Mr. Speaker, now it is bureaucrat bashing. They are doing a tremendous job. We have one of the toughest, and we should be proud of our bureaucrats.

Government ContractsOral Question Period

2:20 p.m.

Progressive Conservative

Peter MacKay Progressive Conservative Pictou—Antigonish—Guysborough, NS

Mr. Speaker, that is a far cry from the rogue bureaucrat label the Prime Minister thrust upon us.

The Prime Minister can make all kinds of wild allegations about what people said when they were in opposition. This Prime Minister has been there for a decade. During that time as finance minister, he hammered health care, he cut defence, he opposed student debt initiatives and waffled on parliamentary reform, all the while his government had consulting contracts that hit a whopping $6.5 billion.

Does this not show that the Prime Minister's real priorities are to funnel money to Liberal friendly firms, not to meet the needs of average Canadians?

Government ContractsOral Question Period

2:20 p.m.

Winnipeg South Manitoba

Liberal

Reg Alcock LiberalPresident of the Treasury Board and Minister responsible for the Canadian Wheat Board

Mr. Speaker, I appreciate the question. The reality is that this side of the House does not make accusations or decisions absence evidence. Ever since my assuming the role of President of the Treasury Board, we have been examining each one of these. We have announced a series of reviews in the budget, looking at each one of these elements. We will come forward with evidence upon which we will make responsible policy choices.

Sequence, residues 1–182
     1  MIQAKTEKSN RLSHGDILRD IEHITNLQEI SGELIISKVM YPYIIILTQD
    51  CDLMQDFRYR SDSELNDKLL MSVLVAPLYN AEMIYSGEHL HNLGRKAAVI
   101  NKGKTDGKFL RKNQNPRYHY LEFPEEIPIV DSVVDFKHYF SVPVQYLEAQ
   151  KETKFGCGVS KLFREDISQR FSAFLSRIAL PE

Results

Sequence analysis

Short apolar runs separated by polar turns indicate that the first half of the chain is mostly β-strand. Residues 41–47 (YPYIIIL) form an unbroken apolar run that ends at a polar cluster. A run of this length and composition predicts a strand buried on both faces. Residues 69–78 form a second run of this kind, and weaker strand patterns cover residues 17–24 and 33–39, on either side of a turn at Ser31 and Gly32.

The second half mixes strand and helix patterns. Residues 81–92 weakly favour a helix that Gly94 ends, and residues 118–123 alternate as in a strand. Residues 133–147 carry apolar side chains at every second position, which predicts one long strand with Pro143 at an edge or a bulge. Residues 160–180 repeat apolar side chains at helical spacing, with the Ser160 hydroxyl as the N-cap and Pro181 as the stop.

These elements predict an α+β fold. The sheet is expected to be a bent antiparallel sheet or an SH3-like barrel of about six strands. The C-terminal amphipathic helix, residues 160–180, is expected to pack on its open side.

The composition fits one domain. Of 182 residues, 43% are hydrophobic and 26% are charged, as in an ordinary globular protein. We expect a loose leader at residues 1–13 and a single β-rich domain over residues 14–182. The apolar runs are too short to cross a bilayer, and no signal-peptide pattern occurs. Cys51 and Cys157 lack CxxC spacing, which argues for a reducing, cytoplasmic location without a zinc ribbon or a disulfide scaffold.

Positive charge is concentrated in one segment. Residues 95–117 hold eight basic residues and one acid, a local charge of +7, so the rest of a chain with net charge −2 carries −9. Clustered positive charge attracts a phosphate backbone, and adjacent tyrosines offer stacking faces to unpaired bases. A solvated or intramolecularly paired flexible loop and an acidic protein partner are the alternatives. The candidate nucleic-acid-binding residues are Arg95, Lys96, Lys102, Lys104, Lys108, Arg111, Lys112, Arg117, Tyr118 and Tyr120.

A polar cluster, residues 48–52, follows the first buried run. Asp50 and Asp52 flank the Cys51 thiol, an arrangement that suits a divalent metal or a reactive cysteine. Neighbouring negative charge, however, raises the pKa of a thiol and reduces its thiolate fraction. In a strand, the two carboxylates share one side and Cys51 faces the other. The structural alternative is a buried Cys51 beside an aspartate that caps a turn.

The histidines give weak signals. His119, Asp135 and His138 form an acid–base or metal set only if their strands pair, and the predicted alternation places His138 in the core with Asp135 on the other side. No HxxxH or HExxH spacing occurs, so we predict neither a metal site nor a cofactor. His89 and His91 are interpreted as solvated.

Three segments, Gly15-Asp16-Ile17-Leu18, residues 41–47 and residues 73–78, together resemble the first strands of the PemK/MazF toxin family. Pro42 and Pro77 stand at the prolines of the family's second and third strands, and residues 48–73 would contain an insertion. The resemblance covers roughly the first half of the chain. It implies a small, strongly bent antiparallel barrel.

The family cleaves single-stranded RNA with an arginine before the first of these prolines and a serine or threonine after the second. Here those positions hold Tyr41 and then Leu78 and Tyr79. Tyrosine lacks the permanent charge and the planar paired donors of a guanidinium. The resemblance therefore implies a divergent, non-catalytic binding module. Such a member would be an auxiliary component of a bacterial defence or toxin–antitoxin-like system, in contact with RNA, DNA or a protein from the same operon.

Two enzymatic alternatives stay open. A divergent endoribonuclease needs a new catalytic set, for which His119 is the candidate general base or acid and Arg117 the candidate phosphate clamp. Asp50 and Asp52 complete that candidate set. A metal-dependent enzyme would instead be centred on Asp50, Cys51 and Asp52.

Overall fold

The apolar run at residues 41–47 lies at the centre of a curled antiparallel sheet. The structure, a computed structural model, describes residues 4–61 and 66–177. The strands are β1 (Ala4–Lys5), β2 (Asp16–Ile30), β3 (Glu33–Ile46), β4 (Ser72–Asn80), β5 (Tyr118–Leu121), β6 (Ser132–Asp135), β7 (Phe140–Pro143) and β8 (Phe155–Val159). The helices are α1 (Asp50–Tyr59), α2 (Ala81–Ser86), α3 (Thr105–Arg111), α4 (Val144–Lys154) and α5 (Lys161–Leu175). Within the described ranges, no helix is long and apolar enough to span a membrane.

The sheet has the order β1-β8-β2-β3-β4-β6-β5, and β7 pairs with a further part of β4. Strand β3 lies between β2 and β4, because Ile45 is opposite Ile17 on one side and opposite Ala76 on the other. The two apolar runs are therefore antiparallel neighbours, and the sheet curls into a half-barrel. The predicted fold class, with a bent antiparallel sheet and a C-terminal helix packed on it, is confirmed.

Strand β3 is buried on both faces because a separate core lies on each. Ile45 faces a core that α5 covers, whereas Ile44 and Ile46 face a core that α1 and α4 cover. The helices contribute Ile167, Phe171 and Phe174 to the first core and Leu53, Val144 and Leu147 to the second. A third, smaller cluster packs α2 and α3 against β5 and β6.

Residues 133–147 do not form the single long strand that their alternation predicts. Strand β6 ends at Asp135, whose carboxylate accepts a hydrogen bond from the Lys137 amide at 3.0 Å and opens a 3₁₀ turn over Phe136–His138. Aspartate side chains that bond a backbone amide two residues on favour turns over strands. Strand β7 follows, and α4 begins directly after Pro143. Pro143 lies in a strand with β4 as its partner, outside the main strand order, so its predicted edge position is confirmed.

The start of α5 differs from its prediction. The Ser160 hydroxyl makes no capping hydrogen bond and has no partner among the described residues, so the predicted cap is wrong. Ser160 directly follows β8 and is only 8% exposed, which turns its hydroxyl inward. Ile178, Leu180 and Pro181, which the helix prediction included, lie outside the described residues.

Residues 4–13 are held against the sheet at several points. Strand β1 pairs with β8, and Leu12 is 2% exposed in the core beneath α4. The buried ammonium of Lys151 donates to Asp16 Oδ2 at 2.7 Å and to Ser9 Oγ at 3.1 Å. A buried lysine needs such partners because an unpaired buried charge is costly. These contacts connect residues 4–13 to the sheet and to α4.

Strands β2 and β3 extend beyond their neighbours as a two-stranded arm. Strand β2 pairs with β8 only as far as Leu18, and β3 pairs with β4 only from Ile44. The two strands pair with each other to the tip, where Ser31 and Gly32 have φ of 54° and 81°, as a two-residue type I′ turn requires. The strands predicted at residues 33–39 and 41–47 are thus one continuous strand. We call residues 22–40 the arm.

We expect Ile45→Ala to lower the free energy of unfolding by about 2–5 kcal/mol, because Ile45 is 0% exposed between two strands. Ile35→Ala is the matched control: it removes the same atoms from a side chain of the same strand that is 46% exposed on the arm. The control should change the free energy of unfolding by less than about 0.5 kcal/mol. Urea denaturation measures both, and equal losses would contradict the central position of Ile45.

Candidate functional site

Government ContractsOral Question Period

2:20 p.m.

Progressive Conservative

Peter MacKay Progressive Conservative Pictou—Antigonish—Guysborough, NS

Allegations, Mr. Speaker, this coming from the minister who made something up on national television. It is a virtual black hole on that side of the House when it comes to fiscal management.

At the end of the week, Canadians are going to have to file their income tax--

Government ContractsOral Question Period

2:20 p.m.

Some hon. members

Oh, oh.

Government ContractsOral Question Period

2:20 p.m.

The Speaker

Order, please. I am sure the hon. member for Pictou--Antigonish--Guysborough appreciates all the help with his question, but we do have to be able to hear what he has to say. He has the floor.

Government ContractsOral Question Period

2:20 p.m.

Progressive Conservative

Peter MacKay Progressive Conservative Pictou—Antigonish—Guysborough, NS

Mr. Speaker, at the end of this week, Canadians are going to have to file their income tax, and at the same time they can watch members live at the public accounts committee trying to explain how over $100 million of their hard-earned tax money has gone missing.